The common refrain amongst fantasy football aficionados in 2014 is that the best draft strategy is to not use an early pick on the quarterback position and to wait to grab your signal caller in the later rounds.
The assumption here is that the cost to acquire an upper tier quarterback, generally a selection in the top two rounds in 12 team leagues, comes at too great of a cost at other positions. Basically, the opportunity cost of using, say, a 2nd round pick to acquire a top three quarterback is not being able to acquire your RB2 or WR1 at that point in the draft, and forces fantasy owners to have a less talented starter, and later, lesser quality depth at those positions.
Of course, for every argument, there is a counter argument, and Peyton Manning owners from last season will note that they received a 3.7 fantasy points per game advantage over the number two ranked fantasy quarterback, or an even more ridiculous 10.5 fantasy points per game over the tenth ranked fantasy QB. That is a 105-yard day with no score from your RB.
Oddly enough, the trend of starting fantasy quarterbacks posting greater and greater production actually declined last season. The top 12 ranked fantasy quarterbacks last season actually produced 136.6 fewer total fantasy points than in 2012 (standard 4 points per TD performance scoring). Quarterbacks ranked 13th to 24th followed suit, scoring 118.4 fewer total fantasy points than in 2012.
As we noted above, acquiring a Tier 1 fantasy quarterback doesn’t come cheaply. We rate three players in our top tier and there is actually a significant discrepancy in the average draft position (ADP) of Peyton Manning as opposed to Aaron Rodgers and Drew Brees.
While all three are capable of putting together a season with more than 5,000 passing yards and close to 45 touchdowns, Manning’s historic 2013 season coupled with his superior group of receivers makes him the top player in this tier.
While not typically our preferred choice to draft a QB this high, we don’t outright discourage the idea either. Any of these three quarterbacks provide an overall lower risk profile, higher ceiling and higher floor than the players behind them.
Plus, fantasy owners tend to overrate their own ability to start the correct quarterback each week when they use a later round committee approach. We definitely want a starting QB who qualifies as a, “set it and forget it” decision each week, no matter what defense they face, to avoid often agonizing start-bench decisions gone awry. Manning, Brees and Rodgers are no brainers in that category.
Mike’s Take: There are usually RB and WR I prefer to an early drafted QB where each of these guys are going in typical start-one QB leagues. If your fellow owners are RB, WR (and TE) obsessed however, you could do much worse than grabbing one of these guys if available at a slight discount (i.e. Manning in the 2nd round, Brees/Rodgers in the 3rd).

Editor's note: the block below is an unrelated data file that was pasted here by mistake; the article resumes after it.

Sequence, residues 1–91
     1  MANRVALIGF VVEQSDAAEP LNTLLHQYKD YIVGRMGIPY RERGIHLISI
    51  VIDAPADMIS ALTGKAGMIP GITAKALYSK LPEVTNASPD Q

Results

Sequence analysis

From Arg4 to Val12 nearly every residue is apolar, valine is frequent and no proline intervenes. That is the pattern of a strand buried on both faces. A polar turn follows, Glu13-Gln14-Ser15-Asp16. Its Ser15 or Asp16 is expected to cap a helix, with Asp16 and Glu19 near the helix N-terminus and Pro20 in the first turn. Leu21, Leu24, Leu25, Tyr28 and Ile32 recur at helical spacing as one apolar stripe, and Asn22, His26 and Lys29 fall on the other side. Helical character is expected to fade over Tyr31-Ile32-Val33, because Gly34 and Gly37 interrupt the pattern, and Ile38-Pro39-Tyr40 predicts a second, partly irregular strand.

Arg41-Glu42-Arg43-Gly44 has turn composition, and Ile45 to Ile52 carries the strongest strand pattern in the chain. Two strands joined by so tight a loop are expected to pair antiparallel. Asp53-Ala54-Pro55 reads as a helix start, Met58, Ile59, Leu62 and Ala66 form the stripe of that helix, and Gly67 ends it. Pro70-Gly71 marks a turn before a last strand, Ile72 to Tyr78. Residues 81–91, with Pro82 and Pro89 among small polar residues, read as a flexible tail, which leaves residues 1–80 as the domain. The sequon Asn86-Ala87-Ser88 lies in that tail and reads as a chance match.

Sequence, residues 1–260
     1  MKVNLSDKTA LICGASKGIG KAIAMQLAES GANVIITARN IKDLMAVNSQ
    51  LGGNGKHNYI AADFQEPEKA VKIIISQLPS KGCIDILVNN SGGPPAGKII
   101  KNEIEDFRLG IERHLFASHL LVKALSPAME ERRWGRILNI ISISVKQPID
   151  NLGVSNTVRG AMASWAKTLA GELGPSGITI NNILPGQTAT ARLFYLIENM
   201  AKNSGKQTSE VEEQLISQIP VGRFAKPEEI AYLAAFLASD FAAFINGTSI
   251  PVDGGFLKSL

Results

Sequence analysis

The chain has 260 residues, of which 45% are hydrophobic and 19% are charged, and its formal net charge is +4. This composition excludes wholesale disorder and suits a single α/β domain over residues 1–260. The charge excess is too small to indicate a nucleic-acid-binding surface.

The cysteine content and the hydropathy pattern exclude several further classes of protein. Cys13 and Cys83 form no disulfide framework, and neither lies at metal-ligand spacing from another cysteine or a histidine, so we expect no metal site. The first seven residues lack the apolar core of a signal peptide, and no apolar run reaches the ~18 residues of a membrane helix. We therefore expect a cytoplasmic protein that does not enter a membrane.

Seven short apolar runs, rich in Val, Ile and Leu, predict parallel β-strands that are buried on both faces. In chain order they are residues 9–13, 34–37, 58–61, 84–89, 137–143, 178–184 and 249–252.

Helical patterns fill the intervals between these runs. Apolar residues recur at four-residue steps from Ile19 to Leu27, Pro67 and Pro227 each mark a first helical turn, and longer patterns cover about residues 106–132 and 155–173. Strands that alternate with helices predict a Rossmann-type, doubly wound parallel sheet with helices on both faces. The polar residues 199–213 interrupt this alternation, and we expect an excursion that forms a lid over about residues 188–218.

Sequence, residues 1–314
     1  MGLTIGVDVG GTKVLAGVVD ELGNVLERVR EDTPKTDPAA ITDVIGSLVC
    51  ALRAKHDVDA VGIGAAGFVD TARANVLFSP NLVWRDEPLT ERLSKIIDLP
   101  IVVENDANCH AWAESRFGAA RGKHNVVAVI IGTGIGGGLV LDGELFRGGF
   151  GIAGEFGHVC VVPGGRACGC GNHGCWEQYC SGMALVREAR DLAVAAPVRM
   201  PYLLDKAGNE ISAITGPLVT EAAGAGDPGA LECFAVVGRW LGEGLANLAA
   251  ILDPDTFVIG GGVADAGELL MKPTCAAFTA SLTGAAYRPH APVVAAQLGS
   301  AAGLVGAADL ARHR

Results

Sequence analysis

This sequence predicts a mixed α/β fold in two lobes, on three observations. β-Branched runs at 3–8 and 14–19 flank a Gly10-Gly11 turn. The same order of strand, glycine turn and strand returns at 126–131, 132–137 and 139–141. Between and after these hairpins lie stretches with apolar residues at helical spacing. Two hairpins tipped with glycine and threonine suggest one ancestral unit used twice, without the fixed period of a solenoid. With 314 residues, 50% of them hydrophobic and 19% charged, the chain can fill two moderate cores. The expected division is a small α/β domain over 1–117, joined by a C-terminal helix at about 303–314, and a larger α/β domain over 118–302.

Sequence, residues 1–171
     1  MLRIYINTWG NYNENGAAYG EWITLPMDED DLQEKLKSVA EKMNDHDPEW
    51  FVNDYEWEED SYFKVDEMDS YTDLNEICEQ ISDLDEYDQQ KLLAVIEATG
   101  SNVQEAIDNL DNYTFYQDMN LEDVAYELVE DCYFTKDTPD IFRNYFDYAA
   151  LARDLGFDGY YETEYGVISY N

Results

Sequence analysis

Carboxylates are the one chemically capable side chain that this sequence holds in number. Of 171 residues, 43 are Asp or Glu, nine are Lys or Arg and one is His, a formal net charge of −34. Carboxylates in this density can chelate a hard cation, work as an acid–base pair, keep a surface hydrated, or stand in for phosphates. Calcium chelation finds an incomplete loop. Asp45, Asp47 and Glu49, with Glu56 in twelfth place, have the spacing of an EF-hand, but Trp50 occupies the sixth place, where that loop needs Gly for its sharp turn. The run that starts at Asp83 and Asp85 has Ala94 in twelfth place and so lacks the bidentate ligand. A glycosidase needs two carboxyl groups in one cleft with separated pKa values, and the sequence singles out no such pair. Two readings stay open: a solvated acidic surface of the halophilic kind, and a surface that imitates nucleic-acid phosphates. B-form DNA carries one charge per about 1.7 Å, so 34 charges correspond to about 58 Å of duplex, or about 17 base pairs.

The second tier of quarterbacks get a little dicier as it is composed of a player who suffered a horrendous four game slump to end last season (Stafford), a 2013 breakout who didn’t even open the season in the starting line up (Foles), and a player who saw his PPG decrease by 3.2 in 2013 from 2012 (Ryan).
While it wouldn’t be fair to put the boom or bust label on Stafford, he is an inconsistent passer who should see his production increase due to an improved group of skill position talent in Detroit. While Foles was outstanding last season and is apparently the perfect fit in Chip Kelly’s offense, his history of solid production isn’t that long so a bust season isn’t out of the realm of possibility. Ryan rates as perhaps the best value of the three given that his drop of production last season is easily explained by the prolonged absence of Julio Jones and Roddy White‘s struggles as he played through a high ankle sprain.
Mike’s Take: Grab Stafford or Foles if they fall enough in your draft to represent good value. Target Ryan as a later drafted option as he is typically taken about the 9th QB off the board.
The third tier is occupied by an aging veteran and a pair of third year signal callers who possess vast potential. Brady brings some risk given the Patriots success running the ball at the end of last season and the injury risk that exists with his receivers, particularly Rob Gronkowski and Danny Amendola. We all know about RGIII’s penchant for running the ball and how that increases his injury risk. Griffin has a big learning curve too with a new offensive coordinator/head coach, but he likely represents the biggest upside in this tier.